UNT Libraries - 5 Matching Results

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A Comparison of Points Versus Sounds as Reinforces in Human Operant Research

Description: Research shows that human operant behavior typically differs from non-human operant behavior on schedules of reinforcement. These differences in performance may be related to differences between the experimental preparations used to study human and non-human operant behavior. One such difference is the type of reinforcer used. This experiment analyzed the differential effects of points alone, points backed up by money, and sounds on schedule performance of human subjects. Results show that sounds generated moderate rates of responding, capable of change in either direction. When points backed up with money were the reinforcers, however, high rates of behavior were generated, disrupting the previously established baseline performance. This suggests that while points may be effective in generating high rates of behavior, they may be ineffective in producing sensitive baselines needed to study human operant behavior on schedules of reinforcement.
Date: August 1999
Creator: Rouse, Susan L.

Examining the Relationship between Variability in Acquisition and Variability in Extinction

Description: Using the "revealed operant" technique, variability during acquisition and extinction was examined with measures of response rate and a detailed analysis of response topography. During acquisition, subjects learned to emit four response patterns. A continuous schedule of reinforcement (CRF) for 100 repetitions was used for each pattern and a 30 min extinction phase immediately followed. One group of subjects learned the response patterns via a "trial-and-error" method. This resulted in a wide range of variability during acquisition and extinction. Only one subject emitted a substantial amount of resurgent behavior. A second group of subjects was given instructions on what keys to press to earn reinforcers. This group had less variability in acquisition and extinction and resurgent responding was prevalent.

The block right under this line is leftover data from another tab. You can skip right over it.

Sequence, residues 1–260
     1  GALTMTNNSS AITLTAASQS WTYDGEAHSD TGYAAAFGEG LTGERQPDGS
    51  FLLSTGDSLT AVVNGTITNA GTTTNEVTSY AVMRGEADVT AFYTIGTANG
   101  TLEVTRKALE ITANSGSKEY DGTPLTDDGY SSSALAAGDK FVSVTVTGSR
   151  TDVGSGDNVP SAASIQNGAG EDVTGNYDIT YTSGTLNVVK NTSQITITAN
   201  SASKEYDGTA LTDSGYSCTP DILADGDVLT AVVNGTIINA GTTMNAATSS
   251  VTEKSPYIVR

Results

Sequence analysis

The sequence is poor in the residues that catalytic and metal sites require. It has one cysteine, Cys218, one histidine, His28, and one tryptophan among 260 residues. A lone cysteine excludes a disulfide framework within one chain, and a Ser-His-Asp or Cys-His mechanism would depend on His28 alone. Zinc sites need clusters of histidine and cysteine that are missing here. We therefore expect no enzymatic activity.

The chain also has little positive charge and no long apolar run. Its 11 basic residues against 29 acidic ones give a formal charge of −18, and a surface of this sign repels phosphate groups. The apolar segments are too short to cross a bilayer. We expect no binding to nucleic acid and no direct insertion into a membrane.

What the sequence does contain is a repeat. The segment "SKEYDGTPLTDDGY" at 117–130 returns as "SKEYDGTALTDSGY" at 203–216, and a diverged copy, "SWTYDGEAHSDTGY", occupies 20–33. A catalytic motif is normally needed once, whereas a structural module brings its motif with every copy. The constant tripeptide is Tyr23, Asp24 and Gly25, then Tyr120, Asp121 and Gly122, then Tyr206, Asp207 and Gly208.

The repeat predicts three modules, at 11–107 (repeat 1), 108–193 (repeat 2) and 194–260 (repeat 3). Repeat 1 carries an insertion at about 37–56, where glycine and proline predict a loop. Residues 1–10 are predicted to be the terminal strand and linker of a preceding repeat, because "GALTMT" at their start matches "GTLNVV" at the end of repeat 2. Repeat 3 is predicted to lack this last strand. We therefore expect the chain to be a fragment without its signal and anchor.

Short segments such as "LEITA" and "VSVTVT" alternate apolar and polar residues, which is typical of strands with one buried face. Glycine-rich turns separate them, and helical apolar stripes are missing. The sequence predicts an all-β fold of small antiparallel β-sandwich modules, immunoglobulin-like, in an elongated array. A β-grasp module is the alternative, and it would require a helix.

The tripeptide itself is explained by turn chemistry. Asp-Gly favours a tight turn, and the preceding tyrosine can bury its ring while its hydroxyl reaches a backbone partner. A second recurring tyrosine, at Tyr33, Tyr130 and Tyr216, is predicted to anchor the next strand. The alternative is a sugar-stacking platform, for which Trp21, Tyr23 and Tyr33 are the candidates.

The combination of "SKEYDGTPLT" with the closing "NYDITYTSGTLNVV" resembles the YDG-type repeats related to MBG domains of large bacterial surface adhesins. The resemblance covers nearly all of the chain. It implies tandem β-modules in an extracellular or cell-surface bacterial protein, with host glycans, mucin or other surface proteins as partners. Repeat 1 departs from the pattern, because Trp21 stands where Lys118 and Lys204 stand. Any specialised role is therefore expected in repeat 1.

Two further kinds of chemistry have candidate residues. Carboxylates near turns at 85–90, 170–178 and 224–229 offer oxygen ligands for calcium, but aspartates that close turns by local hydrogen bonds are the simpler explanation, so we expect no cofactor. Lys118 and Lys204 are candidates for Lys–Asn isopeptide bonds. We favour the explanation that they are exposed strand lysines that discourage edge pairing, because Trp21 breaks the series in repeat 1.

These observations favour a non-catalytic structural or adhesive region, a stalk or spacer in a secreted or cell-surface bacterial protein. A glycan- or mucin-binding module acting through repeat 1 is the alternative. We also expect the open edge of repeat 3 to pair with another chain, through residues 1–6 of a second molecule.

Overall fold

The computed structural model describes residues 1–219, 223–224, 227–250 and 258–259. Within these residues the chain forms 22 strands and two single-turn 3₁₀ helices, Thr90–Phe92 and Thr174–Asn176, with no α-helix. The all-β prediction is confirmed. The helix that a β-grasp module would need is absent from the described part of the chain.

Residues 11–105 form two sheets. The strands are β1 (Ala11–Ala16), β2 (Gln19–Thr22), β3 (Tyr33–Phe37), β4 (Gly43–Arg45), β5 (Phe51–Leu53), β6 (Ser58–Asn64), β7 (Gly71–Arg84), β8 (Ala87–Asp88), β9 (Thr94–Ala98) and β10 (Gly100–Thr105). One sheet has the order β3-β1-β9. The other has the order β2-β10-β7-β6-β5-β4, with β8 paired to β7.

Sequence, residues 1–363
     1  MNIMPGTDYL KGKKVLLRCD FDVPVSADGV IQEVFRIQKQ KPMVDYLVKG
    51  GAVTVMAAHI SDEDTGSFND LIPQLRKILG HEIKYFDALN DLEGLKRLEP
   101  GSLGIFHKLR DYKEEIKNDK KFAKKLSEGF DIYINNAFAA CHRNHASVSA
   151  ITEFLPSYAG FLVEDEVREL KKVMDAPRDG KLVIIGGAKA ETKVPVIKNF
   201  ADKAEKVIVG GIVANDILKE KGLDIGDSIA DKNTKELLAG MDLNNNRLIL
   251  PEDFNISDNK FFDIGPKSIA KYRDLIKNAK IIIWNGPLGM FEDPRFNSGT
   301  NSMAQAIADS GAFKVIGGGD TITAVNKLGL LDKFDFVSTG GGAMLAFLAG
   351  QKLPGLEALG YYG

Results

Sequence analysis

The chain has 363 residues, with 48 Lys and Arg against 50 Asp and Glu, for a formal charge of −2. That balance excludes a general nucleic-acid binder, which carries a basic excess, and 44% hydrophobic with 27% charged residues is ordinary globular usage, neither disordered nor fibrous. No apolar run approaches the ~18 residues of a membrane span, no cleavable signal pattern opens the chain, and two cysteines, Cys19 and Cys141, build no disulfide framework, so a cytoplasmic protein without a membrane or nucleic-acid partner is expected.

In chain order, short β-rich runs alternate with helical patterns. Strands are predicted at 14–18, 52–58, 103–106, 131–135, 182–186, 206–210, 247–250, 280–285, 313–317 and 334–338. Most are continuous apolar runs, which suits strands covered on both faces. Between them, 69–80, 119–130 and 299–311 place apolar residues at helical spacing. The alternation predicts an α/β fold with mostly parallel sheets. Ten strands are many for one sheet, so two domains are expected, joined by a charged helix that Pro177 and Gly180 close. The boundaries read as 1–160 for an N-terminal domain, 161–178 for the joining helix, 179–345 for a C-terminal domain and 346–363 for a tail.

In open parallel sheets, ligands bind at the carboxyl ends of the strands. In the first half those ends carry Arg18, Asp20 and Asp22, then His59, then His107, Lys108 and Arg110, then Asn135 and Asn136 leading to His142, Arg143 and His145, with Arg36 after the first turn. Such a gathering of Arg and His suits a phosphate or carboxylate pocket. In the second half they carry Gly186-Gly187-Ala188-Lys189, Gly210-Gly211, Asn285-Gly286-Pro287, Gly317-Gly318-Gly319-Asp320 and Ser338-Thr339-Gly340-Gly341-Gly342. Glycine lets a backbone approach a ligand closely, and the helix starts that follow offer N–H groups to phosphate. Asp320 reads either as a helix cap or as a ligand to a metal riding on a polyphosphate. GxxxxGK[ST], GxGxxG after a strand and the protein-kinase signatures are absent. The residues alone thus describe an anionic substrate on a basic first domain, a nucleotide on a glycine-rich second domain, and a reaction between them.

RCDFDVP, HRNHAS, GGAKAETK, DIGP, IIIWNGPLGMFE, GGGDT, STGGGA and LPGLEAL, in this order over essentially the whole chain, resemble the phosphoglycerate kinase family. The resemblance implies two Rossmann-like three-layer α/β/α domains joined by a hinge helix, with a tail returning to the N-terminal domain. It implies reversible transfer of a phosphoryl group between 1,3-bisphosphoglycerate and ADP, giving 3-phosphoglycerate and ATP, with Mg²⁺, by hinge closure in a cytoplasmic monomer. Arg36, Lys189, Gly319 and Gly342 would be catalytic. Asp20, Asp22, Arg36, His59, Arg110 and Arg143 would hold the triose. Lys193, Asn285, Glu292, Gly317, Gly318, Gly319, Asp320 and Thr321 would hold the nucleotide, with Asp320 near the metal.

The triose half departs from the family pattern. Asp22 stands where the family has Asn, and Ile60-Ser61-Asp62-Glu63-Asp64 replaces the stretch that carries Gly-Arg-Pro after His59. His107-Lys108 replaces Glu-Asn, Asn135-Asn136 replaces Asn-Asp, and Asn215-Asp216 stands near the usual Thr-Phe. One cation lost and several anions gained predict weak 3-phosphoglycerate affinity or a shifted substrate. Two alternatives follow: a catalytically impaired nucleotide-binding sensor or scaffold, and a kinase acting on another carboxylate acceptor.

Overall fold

Date: December 1997
Creator: Neff, Bryon (Bryon R.)

The Role of a Point Loss Contingency on the Emergence of Derived Relations in the Absence of Original Relations

Description: The role of point loss for symmetrical relations introduced simultaneously with probe trials in the absence of original relations on all probe trial performances was evaluated. Training was completed after six conditional discriminations were established in two contexts. Point loss was introduced simultaneously with probe trials in the absence of original relations in the first context. Probe trials with no point loss in the absence of original relations were introduced in the second context. The simultaneous introduction of probe trials and the point loss contingency may in some cases prevent the emergence of an equivalence class in the context that contained the point loss as well as in the context where no point loss occurred.
Date: December 1997
Creator: Michniewicz, Leslie (Leslie A.)

Second-Order Conditional Control of Members of an Equivalence Class

Description: The conditional control of equivalence has received much attention in the analysis of verbal behavior. While previous research identified conditional control of relational responding and conditional control of equivalence class formation, this study investigated the possibility of conditional control of members of an equivalence class. Following baseline conditional discrimination training and equivalence testing, subjects were taught to select a particular member in the presence of a Green background screen and another member in the presence of a Red background screen.
Date: August 1997
Creator: Cammilleri, Anthony Peter

Should Corrective Feedback Come Before or After Responding to Establish a "New" Behavior?

Description: The purpose of this study was to determine the optimal form and timing of feedback to establish a "new" behavior. It examined the relative effectiveness of delivering a corrective feedback immediately before the learner responds to a previously incorrect trial as compared to delivering a corrective feedback immediately after the incorrect response is made. Corrective feedback delivered immediately before the next opportunity to respond produced better learning than corrective feedback delivered immediately after a response. The Feedback Before condition decreased errors during training and increased acquisition rates. Results also indicated an interaction between time of feedback delivery and the complexity of the task. As the task complexity increased, the results were more dramatic in favor of the Feedback Before condition.
Date: December 1997
Creator: Roberts, Pamela J.